Hillsville in Carroll County, Virginia — The American South (Mid-Atlantic)
—The Crooked Road — Virginia’s Heritage Music Trail —
There are many weekly jam sessions and other performances of live music in Carroll County. It is the home of the Blue Ridge Music Center, a museum and performance venue located at milepost 213 of the Blue Ridge Parkway. The only good that came from a murderous March 1912 shootout at the Carroll County Courthouse are two lovely ballads concerned
The Crooked Road, Virginia’s Heritage Music Trail. From the Blue Ridge Mountains to the Coalfields region, southwest Virginia is blessed with historic and contemporary music venues, musicians, and fretted instrument makers. Historically isolated, the region retained its strong musical legacy by passing traditions down through musical families to an appreciative community.
Old time mountain music, bluegrass, and gospel can be enjoyed all year long and several museums are devoted to showcasing the area’s rich musical heritage.
The Crooked Road winds through the ruggedly beautiful Appalachian Mountains and leads you to the major hotspots of old time mountain music, country music, and bluegrass. Alive and kickin’ for today’s fans, these venues preserve and celebrate musical traditions passed down through generations. Annual festivals, weekly concerts, radio shows, and jam sessions ring out to large audiences and intimate gatherings. Please visit the Crooked Road website to plan your trip to coincide with the current entertainment events.
Marker series. This marker is included in the The Crooked Road: Virginia’s Heritage Music Trail marker series.
Location. 36° 45.729′ N, 80° 43.525′ W. Marker is in Hillsville, Virginia, in Carroll County. Marker is on East Stuart Drive (Old U.S. 58) east of Floyd Pike (U.S. 221), on the right when traveling east. Touch for map. It is across from the Carroll County High School. Marker is in this post office area: Hillsville VA 24343, United States of America.
Other nearby markers. At least 8 other markers are within 10 miles of this marker, measured as the crow flies. Hillsville (approx. 0.7 miles away); John Carroll (approx. one mile away); Woodlawn School (approx. 5.7 miles away); Woodlawn (approx. 6.2 miles away); The Stonemans (approx. 6.2 miles away); Wythe County/ Carroll County (approx. 7.9 miles away); Carroll County / Wythe County (approx. 9.4 miles away); Austin's Birthplace (approx. 9½ miles away). Touch for a list and map of all markers in Hillsville.
More about this marker. The Carroll County side of the marker has three photographs. The first is captioned “Hillsville Flea Market,” the second is a photograph of “Dorothy Rorick,” and the third is a portrait of “Frank Jenkins, Oscar Jenkins,and Earnest Stoneman.” Click on the image to zoom in to examine them. The Crooked Road panel shows The Carter Family on the upper right, Dr. Ralph Stanley in the center right and a map of western Virginia showing stops on The Crooked Road and “You are Here.”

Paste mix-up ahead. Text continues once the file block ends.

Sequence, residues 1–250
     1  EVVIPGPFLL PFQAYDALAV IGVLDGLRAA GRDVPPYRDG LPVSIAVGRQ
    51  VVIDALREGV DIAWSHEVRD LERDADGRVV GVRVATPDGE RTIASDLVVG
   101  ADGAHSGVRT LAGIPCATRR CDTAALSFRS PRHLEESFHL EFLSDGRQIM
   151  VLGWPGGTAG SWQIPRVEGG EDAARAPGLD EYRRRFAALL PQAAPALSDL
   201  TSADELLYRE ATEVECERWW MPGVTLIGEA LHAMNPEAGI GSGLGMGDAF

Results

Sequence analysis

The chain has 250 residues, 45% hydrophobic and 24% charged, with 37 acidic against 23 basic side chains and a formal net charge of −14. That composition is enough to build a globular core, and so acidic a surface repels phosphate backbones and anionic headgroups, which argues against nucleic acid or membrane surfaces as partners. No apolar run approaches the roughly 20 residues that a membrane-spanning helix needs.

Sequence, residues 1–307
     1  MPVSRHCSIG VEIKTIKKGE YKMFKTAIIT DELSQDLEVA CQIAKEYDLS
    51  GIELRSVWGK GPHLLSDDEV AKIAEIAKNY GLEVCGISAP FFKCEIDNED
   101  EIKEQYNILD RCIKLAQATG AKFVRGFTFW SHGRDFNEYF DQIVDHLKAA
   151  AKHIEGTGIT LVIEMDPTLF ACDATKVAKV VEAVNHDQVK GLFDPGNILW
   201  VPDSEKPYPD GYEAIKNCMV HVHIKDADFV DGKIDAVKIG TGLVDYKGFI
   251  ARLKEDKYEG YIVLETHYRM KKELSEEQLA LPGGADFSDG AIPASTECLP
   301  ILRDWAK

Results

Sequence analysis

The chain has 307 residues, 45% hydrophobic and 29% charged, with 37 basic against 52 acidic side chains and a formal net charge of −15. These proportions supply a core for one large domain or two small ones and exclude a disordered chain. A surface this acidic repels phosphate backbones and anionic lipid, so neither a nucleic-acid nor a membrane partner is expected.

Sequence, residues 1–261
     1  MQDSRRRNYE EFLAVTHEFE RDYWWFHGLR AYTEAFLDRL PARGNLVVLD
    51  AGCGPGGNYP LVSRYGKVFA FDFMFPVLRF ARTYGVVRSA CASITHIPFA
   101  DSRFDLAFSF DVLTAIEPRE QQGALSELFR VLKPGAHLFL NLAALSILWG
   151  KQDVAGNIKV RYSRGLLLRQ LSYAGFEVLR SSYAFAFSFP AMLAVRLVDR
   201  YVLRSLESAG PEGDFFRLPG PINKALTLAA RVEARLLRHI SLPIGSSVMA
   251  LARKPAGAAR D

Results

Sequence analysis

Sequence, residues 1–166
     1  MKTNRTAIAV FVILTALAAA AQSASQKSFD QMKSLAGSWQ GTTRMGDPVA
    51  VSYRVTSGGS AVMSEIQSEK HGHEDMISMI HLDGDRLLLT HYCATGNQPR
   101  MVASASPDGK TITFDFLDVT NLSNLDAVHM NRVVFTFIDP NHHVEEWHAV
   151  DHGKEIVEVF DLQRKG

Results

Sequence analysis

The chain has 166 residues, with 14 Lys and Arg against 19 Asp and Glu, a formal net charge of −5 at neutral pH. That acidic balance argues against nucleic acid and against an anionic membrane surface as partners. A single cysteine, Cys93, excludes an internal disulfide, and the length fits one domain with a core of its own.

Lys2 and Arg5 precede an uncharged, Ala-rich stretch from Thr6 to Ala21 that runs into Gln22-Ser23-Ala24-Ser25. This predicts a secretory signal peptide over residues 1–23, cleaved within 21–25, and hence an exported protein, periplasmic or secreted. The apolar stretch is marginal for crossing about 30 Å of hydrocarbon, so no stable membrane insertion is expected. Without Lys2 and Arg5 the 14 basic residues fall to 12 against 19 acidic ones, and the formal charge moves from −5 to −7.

Also see . . .
1. The Hill Billies. Artist biography and discography on AllMusic.com. “The Victor Recording Company cut the first sides by the as yet unnamed band of whom Al Hopkins was nominal leader. Owing to poor microphone placement, the results were technically inadequate. The group returned to New York in January 1925, this time to OKeh, where A&R man Ralph Peer impulsively named the band the Hill Billies following a joking remark made by Al Hopkins. Among the first pieces recorded were ‘Silly Bill’ and ‘Old Time Cinda’ and in April they also cut ‘Cripple Creek’ and ‘Sally Ann’. Other songs in the band’s repertoire were ‘Fisher’s Hornpipe’, ‘Black Eyed Susie’, ‘Bristol Tennessee Blues’ and ‘Round Town Gals’.” (Submitted on June 22, 2017.)
2. The Hillbillies 14 Songs. Audio files for listening and downloading. (Submitted on June 22, 2017, by J. J. Prats of Powell, Ohio.)
3. Banjo Pickin’ Girl. “Dorothy Quesenberry Rorick took pride in her old homemade banjo which had been in her family for many years explaining, ‘Down in the hollow I remember all we ever had, all every family had, to decorate their home in the old days was the fiddle and the banjo on the wall. We used to entertain ourselves.’ As Dorothy grew up, she became a featured performer in her local region. By 1937 she was the star of her own radio program out of Columbus, Ohio leading an all-girl band called the ‘Golden State Cowgirls.’ She recalled visiting Nashville in the old days and becoming acquainted with performers such as Roy Acuff and Red Foley. There are songs in the National Archives that are copyrighted under her name.” (Submitted on June 22, 2017.)
Categories. • Arts, Letters, Music • Entertainment • Notable Persons •
Credits. This page was last revised on June 22, 2017. This page originally submitted on June 22, 2017, by J. J. Prats of Powell, Ohio. This page has been viewed 164 times since then. Photos: 1, 2, 3. submitted on June 22, 2017, by J. J. Prats of Powell, Ohio.